All Palaces in Udine

In Italy, a residence of a nobleman, usually larger than a regular house, is called palazzo, a term translated into English as palace. In the past, besides residences, the palazzi also functioned as warehouses and office spaces. Many cities in Italy have a Palazzo Ducale, the seat of the local lord. Probably, the city with the most palaces is Venice, mostly located on the banks of the Grand Canal.

Maybe the most important palaces in Italy are Palazzo Pitti and Palazzo Vecchio in Florence, Palazzo Reale in Caserta, Doge’s Palace in Venice, Palazzo Reale in Milan, Palazzo del Quirinale in Rome, Palazzo Reale in Naples, Palazzo della Ragione in Padua and Palazzo dei Priori in Perugia. With so many palaces, it is hard to decide which are the most beautiful and worth visiting, and that is why we suggest that you visit them all.

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    Loggia di San Giovanni

    The Loggia di San Giovanni, also known as the Porch of Saint John (Porticato di San Giovanni), is a historical monument located in Piazza della Libertà, in Udine.   SHORT HISTORY Initially, in Piazza della Libertà, there was the Church of San Giovanni which, after the earthquake of 1511, was demolished and rebuilt by the Lombard architect Bernardino da Morcote. In addition to rebuilding the church, Bernardino da Morcote designed the homonymous Loggia. Bernardino da Morcote had to face various difficulties during the building of the porch, because the new Loggia and the church had to lean on the already existing clock tower. The Loggia, after years of neglect, was completely renovated in the second half of the 19th century, returning to its original splendor. In 1917, the Austrians occupied Udine and transformed the Loggia of San Giovanni into a guard post. On November 3, 1918, Udine was liberated from the Austrian dominion. In 1921, Raimondo D’Aronco planned the restructuring of the church, transforming it into the Pantheon of the Fallen of the First World War. The works ended in December 1926.   ART AND ARCHITECTURE The Porch of San Giovanni consists of a colonnade with a triumphal arch in Read more [...]

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    Casa Veneziana

    Casa Veneziana (Venetian House), also known as Palazzetto, is a Venetian palace in Udine, located on the eastern side of Piazza XX Settembre, about 350 meters away from Piazza della Libertà.   SHORT HISTORY The palace was built in the 15th century for the Montegnacco family, in Via Rialto, near the Loggia del Lionello. In January 1910, for the construction of the new Town Hall, the demolition of the existing buildings between Via Rialto and Via Cavour was planned. After a heated debate on whether to demolish the palazzo, perhaps the only remaining vestige from the Venetian era in Udine, it was decided to preserve this ancient building, at least in the original elements of the facade. Casa Veneziana was thus disassembled and later, in 1929, it was reassembled in Piazza XX Settembre, where is currently located. Some frescoes were lost.   ARCHITECTURE The facade of the palace, built in Venetian-Gothic style, is structured on three levels, with alternating mullioned windows of various shapes. The main portal is surmounted by a three-light window and a small balcony. The attic has four rectangular windows.   HOW TO GET THERE Casa Veneziana is located about 900 meters away from the Udine railway Read more [...]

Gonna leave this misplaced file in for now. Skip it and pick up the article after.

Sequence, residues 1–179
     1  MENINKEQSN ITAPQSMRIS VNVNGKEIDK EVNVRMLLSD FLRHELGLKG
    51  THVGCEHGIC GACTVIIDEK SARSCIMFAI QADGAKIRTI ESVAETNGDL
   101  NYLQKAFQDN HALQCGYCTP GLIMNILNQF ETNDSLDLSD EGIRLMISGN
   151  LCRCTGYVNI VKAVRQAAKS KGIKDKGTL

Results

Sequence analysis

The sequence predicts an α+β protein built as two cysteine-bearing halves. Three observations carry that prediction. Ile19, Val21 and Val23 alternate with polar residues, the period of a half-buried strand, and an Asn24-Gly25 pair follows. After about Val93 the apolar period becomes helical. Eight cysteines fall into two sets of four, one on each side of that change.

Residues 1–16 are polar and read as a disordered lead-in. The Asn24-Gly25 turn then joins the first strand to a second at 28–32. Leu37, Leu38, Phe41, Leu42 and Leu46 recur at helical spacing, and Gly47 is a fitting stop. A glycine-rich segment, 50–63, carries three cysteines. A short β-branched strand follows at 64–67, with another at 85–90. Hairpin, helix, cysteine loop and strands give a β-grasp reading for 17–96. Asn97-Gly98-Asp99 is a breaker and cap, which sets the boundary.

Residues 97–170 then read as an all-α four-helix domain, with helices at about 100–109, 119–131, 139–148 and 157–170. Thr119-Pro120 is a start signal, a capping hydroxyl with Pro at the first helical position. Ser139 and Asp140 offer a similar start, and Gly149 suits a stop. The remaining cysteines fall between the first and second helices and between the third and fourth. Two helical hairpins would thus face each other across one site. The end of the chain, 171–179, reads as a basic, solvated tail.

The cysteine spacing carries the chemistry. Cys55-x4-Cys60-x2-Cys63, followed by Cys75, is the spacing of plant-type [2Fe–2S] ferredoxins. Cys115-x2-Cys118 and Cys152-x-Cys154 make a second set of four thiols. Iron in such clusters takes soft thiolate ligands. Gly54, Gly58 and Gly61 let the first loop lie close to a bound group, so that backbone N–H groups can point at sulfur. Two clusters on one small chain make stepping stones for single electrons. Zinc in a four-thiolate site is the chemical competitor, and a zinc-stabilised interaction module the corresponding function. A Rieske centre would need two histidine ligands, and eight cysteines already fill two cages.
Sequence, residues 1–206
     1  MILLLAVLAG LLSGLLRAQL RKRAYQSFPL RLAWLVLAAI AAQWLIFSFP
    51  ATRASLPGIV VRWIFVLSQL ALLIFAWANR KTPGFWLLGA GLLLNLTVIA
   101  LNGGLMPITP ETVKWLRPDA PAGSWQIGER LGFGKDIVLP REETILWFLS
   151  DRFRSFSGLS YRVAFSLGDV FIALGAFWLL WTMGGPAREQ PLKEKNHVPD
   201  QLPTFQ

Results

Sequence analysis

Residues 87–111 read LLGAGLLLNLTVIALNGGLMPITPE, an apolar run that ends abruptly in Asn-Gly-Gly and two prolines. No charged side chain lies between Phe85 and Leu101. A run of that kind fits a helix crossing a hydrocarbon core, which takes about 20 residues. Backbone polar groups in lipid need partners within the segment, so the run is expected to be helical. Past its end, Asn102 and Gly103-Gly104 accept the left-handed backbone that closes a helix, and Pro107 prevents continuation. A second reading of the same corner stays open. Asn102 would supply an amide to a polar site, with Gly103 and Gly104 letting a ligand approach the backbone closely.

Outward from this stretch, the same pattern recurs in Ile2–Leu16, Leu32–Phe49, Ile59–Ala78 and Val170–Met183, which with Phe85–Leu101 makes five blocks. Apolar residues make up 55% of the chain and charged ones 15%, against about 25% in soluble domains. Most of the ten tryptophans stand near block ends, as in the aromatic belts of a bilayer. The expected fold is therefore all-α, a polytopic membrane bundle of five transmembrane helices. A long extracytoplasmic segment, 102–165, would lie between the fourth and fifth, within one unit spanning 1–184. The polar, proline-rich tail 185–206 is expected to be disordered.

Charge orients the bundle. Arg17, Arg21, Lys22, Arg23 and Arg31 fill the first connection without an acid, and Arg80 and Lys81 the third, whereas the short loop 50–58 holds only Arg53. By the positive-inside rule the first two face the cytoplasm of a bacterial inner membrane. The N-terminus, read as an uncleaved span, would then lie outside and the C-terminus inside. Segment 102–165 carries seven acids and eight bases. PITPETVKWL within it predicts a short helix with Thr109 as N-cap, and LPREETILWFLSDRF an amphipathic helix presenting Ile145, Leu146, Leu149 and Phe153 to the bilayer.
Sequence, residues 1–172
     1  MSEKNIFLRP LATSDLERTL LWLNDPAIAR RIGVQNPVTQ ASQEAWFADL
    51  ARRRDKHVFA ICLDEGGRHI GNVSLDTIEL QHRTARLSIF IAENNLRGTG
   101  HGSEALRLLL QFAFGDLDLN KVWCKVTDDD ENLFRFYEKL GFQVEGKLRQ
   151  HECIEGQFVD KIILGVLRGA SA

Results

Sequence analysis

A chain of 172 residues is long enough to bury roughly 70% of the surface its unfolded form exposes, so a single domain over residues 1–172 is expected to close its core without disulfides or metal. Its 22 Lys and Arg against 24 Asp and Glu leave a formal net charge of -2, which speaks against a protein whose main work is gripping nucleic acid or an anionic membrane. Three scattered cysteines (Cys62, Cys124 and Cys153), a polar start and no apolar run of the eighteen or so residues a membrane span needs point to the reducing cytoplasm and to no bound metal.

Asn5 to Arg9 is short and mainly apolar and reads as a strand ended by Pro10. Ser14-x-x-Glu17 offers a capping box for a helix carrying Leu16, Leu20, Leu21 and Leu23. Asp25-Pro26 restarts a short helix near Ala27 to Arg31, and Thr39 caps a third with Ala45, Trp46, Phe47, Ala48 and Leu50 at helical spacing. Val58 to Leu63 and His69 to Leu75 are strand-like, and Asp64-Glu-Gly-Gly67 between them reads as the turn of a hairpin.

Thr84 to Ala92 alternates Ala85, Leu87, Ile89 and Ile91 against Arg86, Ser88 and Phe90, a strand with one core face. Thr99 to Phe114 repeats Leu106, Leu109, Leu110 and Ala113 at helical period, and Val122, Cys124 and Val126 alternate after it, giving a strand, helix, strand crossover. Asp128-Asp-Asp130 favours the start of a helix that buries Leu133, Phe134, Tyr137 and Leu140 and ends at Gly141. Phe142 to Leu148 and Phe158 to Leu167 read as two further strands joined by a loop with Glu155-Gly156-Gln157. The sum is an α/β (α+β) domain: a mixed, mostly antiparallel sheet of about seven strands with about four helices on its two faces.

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    Loggia del Lionello

    Loggia del Lionello is a palace in Udine, located in the historical center of the city, in Piazza della Libertà. The palazzo owes its name to the architect Nicolò Lionello, who completed its contruction.   SHORT HISTORY In January 24, 1441, the Municipality of Udine proposed the construction of a new building for the City Council. The work began in 1448, and the architects nominated to take care of the construction were Nicolò dei Bombeni, Raimondo della Torre, Giovanni Rainoldi and Nicolò Lionello. Until Lionello’s death in 1462, the construction of the Loggia was completed and the first meeting of the City Council took place inside the building in 1455. A new phase of work began at the end of the 15th century, more precisely on March 20, 1492, when the Council approved the acquisition and integration of the houses behind the loggia as municipal property. Shortly afterwards, the Council approved the demolition of these houses, for the enlargement and improvement of the building. On March 26, 1511, an earthquake struck Friuli, destroying numerous buildings including the Loggia. The repair works were started, however, only in 1516, and the restoration was entrusted to the lieutenant Leonardo Emo. In July 1521, Read more [...]